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Despite primarily being a windows user, I am a huge fan of rsync. Now, I don't want to argue the virtues of rsync vs any other tool...this is not my point.

The only way I've ever found of running rsync on windows is via a version that is built to run on top of Cygwin, and as Cygwin has issues with Unicode, so does rsync.

Is anyone familiar enough with the workings of rsync to say if there are any real technical programming hurdles to porting rsync to a native Win32 binary?

Or is it maybe that there has just never been enough interest from windows users to care to port it over?

Partly I ask because I'm am considering trying to take on the task of starting a port, but I want to make sure there's not something I'm missing in terms of why it may not be possible.

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up vote 5 down vote accepted

The way that windows locks open files might cause an issue requiring you to hook into the Volume Shadowcopy Service.

About two years ago this fellow ported the algorithm to C#. I haven't taken a look at the code (or the provided binary), but it might be a place to start looking or someone to try contacting.
http://www.russiantequila.com/wordpress/?p=8

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Quick update to speed things up for someone casually browsing: The author, @kolosy, put the source on github in 2009, and since then the only activity has been updates until mid-2010 by a Matthew Steeples: github.com/MatthewSteeples/rsync.net – Tao Oct 20 '11 at 15:07

(disclaimer: i promise, i don't google myself, but google analytics brought me here)

i went through porting rsync to .net (sig11's link is my blog). there are no technical hurdles, just practical ones. as was already said, the code is rather... dense. difficult to follow, and complete lack of comments. i'm more than happy to make my work available, but unfortunately, since it was part of a commercial effort, it's not in significantly better shape.

i have, on a number of occasions, messed around with the idea of reverse-engineering the protocol and doing a ground-up implementation that's wire-compatible with the existing one, but ... a bit cleaner to work with. i've even started a wiki to that effect, but... as you can see from the lack of contents there, other item have taken priority. if anyone would like to work with me on this, that may be the impetus i need to get going.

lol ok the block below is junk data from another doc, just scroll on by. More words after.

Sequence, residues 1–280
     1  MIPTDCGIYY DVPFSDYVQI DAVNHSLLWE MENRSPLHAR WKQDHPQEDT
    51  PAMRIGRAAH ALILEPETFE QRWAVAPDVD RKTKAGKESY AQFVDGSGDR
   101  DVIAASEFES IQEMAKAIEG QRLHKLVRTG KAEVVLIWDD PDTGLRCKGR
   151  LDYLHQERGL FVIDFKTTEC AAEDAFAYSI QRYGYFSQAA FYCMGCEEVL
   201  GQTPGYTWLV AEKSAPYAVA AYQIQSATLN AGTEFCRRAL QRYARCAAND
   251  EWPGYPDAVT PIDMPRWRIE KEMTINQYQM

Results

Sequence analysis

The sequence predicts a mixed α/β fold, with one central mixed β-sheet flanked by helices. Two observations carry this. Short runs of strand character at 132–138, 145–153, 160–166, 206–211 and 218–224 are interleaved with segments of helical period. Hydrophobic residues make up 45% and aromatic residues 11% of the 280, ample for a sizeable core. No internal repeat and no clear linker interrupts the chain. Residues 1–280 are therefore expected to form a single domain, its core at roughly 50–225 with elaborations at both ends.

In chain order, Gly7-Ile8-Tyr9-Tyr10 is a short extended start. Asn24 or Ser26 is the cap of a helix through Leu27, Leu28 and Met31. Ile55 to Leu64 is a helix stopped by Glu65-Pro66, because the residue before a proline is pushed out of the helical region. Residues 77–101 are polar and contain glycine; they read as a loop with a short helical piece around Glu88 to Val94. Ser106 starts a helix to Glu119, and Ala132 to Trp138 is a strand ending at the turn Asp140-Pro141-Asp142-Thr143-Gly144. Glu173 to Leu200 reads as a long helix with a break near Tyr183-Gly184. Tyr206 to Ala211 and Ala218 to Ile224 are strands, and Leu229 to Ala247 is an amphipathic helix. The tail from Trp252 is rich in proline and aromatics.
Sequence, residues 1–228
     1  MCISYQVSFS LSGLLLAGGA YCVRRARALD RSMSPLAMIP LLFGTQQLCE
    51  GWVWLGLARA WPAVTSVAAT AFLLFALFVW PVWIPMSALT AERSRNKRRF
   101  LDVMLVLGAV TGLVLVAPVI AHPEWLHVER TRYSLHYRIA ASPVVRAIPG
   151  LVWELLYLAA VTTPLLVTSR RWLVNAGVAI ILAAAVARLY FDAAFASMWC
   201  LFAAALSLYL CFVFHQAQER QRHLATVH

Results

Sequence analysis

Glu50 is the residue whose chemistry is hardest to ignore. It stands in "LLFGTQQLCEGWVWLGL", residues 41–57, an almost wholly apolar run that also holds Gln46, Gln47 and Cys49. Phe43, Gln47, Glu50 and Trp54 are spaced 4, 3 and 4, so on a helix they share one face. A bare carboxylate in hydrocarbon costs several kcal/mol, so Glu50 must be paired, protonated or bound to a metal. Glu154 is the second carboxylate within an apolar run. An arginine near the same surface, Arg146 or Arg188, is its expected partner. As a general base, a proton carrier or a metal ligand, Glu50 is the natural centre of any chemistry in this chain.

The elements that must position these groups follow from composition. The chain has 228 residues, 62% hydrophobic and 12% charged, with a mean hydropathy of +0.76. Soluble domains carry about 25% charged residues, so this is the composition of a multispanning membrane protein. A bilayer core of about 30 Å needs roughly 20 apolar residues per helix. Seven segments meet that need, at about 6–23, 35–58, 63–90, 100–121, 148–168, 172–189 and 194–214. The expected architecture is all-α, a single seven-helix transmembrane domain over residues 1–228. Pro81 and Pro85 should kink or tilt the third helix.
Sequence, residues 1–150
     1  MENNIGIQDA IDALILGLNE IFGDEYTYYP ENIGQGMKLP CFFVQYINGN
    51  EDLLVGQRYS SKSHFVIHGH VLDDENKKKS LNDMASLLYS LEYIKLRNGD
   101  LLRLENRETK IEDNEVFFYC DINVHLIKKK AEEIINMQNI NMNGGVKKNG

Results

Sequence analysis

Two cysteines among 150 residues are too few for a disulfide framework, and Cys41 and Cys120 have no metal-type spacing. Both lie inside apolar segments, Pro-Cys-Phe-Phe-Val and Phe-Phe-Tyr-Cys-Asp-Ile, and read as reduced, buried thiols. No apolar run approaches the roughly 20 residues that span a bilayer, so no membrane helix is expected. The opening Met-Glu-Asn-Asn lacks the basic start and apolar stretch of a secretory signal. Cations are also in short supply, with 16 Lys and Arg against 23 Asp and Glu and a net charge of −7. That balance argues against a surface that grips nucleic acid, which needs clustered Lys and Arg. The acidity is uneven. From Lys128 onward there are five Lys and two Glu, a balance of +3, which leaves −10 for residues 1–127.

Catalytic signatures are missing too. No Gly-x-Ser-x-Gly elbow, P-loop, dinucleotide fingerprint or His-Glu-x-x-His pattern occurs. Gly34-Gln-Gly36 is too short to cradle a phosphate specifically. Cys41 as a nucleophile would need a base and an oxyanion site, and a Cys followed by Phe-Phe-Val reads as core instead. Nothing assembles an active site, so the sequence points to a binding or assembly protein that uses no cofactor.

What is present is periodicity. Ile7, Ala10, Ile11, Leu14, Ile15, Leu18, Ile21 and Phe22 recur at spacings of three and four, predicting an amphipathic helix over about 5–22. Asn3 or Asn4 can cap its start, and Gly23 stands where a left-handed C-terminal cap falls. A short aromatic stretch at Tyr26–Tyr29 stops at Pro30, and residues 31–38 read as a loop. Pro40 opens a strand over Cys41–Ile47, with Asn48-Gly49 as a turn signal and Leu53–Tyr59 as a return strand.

the concept of the tool is great, as is the functionality it offers, however it's rather limited outside the *ix space, and could definitely benefit from an api.

wiki link for reference:

http://www.russiantequila.com/wiki/index.php?title=Main_Page

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Kolosy, I would love to get a hold of a copy of what you've got. Maybe even lend a hand if I can. I agree, a cleaner version with an API would be great, but honestly at this point, my first priority is a Windows version that does't rely on Cygwin – Adam Haile Apr 8 '09 at 21:19
    
hey, what's wrong with googling yourself? :) – Tao Oct 20 '11 at 15:08
    
I'll help out however, I would like to implement it in C/C++ and I would also like to create a LIB version of the code so that we could separate it and use it in a native Win32/GUI as well as a Windows service with GUI configuring the service. – Eric Jul 27 '12 at 15:35

Have you seen this:

http://www.itefix.no/i2/taxonomy/term/39

I have used cwrsync without any problem (and with the much of the usual cygwin misery), but I haven't had any need for unicode filenames, so I've not seen that problem.

I don't really know why there isn't a native Win32 port, but I did look at the source a while back because I implemented a similar delta-copy system in C#. As one would expect from the world of brilliant *nix hackers, the source is largely single-character variable names and a total absence of comments, which isn't terrible helpful and might be rather off-putting to would-be porters.

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I've been evaluating an effort to undertake a win32 port as well. I don't believe anything major would block it, but evidence from both the rsync mailing list and another discussion points to a heavy reliance on unix fork() system calls. Using threads appears the way to go for win32.

Threads vs. Fork discussion

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"Using threads appears the way to go for win32" - or I/O Completion Ports if you want to scale really well... – Len Holgate Apr 8 '09 at 19:18

I would really appreciate a port of rsync to MS-Windows such that it can be built using Visual Studio. I am encountering various protocol errors at random, somewhat intermittently. I am using rsync to distribute sw to a grid of around 200 machines and typically get around a a dozen failures. I am using GCC 4.4.2 and the latest cygwin to build rsync v3.0.7. It would help me alot if I could experiment with a version that does not require cygwin. This is because the machines in the grid already have another cygwin-based app running that is a different version to the one I have.

Having spent some time on the rsynv mailing list opinion seems to be divided as to cause of protocol errors on MS-Windows. Some say it is a bug in rsync where it failed to do a clean socket shutdown, a bug that was fixed a while ago. Others say that it is a fundamental protocol error in rsync where the client does not tell the server that it is finished, it just shuts down, causing MW-windows servers to get a RST signal on the socket, something that does not happen on Unix.

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